Storm clouds are gathering and are about to burst for consumers, economists warned, after poor GDP data released this week confirmed that South Africa was in a technical recession.
Isaah Mhlanga, newly appointed Executive Chief Economist at Alexander Forbes, told Fin24 the recession was the result of a process already occurring – meaning South Africans had already been feeling the effects of soaring fuel and food prices and higher unemployment.
But the worst is still to come. For Abdul Aziz Davids, head of research at Kagiso Asset Management, the areas where consumers will feel the greatest pinch are further job losses; more expensive imported goods and services, including higher fuel and transport costs; and higher borrowing costs due to inflation and a possible downgrade by Moody’s.
Moody’s this week already cut its estimate for South Africa’s 2018 GDP growth from 1.5% to between 0.7% and 1% after the country slipped into its first technical recession since 2009.
Echoing Davids’s view, Mhlangu warned that in the absence of strong economic growth, unemployment will remain high, the cost of living will rise, the tax burden will get heavier and debt service costs (interest payments) will likely increase as the currency weakens and inflation increases.
Describing the stormy relationship between unemployment and low economic growth and the vicious cycle effect it has on consumers, independent economist Tinyiko Ngwenya said if the economy was not growing, corporates would not be earning enough to grow and employ more people.
Citing Shoprite’s reported drop in earnings for the first time in 20 years due to the challenging economic environment, she said if companies continued to see their earnings decline, it would be very difficult for them to hire staff and assist in solving SA’s unemployment crisis.
“Households cannot spend if they are not earning, and so a weak economy really adds pressure on the consumer, making it very difficult for them to make ends meet.”
On interest rates, she said while the weaker rand and rising oil prices were a concern to the South African Reserve Bank, a weak economy would make the bank cautious about raising rates too soon.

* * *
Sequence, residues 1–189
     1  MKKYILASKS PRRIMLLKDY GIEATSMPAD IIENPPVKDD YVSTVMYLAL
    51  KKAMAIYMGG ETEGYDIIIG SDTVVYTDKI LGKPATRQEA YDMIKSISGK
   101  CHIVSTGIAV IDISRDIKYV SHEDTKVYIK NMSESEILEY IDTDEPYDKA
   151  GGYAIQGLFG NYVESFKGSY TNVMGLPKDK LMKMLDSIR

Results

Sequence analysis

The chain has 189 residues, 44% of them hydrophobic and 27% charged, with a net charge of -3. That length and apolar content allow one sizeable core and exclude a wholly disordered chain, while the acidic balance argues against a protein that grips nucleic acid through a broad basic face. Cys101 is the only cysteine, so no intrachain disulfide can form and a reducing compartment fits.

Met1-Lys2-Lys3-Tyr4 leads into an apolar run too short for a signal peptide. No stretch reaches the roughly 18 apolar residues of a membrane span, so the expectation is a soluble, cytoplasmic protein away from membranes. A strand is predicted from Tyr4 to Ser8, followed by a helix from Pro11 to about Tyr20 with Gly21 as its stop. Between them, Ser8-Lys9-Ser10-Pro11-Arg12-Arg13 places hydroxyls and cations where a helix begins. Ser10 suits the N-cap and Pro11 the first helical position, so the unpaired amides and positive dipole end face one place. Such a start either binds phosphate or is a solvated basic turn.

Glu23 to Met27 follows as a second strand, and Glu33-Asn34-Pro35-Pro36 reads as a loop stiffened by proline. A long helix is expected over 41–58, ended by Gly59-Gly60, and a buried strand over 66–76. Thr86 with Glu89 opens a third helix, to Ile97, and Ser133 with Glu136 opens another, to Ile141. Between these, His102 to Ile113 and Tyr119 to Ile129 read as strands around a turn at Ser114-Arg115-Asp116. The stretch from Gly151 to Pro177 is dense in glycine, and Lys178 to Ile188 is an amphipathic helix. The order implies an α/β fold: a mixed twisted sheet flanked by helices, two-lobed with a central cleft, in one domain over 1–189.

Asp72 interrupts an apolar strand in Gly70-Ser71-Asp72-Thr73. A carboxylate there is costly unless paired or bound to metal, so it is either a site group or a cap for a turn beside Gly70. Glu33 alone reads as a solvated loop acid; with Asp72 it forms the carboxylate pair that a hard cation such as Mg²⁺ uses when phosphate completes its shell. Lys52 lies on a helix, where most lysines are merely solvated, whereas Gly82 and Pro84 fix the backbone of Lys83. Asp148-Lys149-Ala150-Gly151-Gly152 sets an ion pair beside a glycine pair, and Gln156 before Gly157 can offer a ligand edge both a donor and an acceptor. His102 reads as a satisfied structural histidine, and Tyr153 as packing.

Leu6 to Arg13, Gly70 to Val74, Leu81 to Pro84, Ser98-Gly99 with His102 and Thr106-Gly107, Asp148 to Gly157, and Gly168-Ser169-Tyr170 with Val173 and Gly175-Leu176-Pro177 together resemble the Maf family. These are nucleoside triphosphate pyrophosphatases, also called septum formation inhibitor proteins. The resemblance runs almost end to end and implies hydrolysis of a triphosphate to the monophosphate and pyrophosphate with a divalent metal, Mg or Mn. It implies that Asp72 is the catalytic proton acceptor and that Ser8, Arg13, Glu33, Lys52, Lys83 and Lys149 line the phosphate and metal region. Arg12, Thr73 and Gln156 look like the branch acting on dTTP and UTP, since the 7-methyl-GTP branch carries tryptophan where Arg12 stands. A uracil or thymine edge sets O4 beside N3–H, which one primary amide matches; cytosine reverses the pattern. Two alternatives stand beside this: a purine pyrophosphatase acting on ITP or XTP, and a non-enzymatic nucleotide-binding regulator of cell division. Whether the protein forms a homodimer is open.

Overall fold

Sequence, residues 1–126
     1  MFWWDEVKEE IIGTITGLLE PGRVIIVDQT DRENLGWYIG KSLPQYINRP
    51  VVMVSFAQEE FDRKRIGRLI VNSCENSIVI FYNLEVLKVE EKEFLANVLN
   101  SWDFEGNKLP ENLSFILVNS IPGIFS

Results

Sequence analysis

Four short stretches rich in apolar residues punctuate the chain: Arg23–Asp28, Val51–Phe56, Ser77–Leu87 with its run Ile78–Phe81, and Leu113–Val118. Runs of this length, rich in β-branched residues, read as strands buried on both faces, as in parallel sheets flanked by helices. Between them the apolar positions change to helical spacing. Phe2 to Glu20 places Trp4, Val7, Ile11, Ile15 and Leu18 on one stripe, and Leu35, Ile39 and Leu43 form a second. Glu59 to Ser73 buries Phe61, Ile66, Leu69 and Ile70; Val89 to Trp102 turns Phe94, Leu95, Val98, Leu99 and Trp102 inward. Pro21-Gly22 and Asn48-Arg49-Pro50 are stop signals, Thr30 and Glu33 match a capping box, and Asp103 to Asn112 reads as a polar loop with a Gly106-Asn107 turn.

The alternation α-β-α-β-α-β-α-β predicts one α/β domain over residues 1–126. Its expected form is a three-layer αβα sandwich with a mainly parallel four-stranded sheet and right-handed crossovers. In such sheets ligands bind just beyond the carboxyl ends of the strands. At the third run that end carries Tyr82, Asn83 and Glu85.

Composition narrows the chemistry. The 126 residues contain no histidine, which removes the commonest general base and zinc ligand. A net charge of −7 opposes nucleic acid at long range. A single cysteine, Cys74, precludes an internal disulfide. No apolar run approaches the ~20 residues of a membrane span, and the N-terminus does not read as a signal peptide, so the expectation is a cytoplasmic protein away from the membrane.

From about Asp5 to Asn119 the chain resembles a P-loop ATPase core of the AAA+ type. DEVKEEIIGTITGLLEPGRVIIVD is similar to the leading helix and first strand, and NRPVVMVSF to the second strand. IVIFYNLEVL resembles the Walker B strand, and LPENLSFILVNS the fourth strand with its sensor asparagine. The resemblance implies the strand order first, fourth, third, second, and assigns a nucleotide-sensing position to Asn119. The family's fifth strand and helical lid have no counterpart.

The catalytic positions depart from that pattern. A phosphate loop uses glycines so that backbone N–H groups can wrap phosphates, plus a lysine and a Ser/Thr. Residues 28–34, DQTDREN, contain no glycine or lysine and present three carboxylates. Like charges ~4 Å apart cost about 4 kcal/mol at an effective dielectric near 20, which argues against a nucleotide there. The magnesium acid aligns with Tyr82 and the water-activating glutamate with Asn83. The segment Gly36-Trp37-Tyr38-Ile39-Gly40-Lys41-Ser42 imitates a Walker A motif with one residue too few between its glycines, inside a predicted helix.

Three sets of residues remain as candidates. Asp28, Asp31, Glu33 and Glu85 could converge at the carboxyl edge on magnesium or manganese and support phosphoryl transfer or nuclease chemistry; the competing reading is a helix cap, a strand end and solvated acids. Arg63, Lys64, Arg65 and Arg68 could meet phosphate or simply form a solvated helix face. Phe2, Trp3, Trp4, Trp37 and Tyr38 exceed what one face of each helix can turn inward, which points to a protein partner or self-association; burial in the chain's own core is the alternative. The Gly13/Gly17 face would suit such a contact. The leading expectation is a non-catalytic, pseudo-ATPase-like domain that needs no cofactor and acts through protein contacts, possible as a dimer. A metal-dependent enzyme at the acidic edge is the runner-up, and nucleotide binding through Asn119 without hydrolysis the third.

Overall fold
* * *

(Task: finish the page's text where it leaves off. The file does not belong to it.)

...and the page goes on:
“If the Reserve Bank raises interest rates at a time when household spending is already declining, then a rate increase will add even more pressure to an already constrained consumer.”
Contextualising the recession, Mhlanga said effectively, the poor state of the economy was a home-grown problem “because the rest of the world, emerging markets and Sub-Saharan Africa’s growth has been improving while SA has been limping”.
However, he said there has been significant work and changes made since the beginning of the year.
“Changes in boards and leadership at no less than five SOEs, a US$100bn investment drive which has already attracted US$35bn in pledges, and the upcoming jobs and investment summits all point to efforts to turn around the economy.
“These will ensure that we arrest the economic decline and set a base from which to grow. But for that to happen, more needs to be done.”
A new way of doing business
He listed clear policy framework; investment in critical skills; provision of incentives to specific sectors to attract investment; cleaning up the rot in state-owned enterprises, so that they can be profitable without requiring support from the state; and rebuilding institutions, such as the SA Revenue Service and security and law enforcement, as “hygiene factors” that needed to be done. But, he said, this alone would not be sufficient.
Alluding to the private sector coming to the party, Mhlangu said a new way of doing business should be crafted, which may include focusing on injecting economic activity in second tier cities.
“What we are doing as Alexander Forbes Investments is that we identified private equity and private markets as a viable investment asset class that both increase returns for our clients and help grow the economy. In this, we are demonstrating that there is a way for business to achieve our client objectives that are aligned to that of growing the economy.”
Meanwhile, Davids said the best way for consumers to weather the storm was to try to play down debt and any fixed financial commitments as soon as possible, thus saving on future higher borrowing costs.
“Furthermore, consumers should cut back on non-essential spending and thereby try to increase savings, because the storm clouds are gathering, and are about to burst.”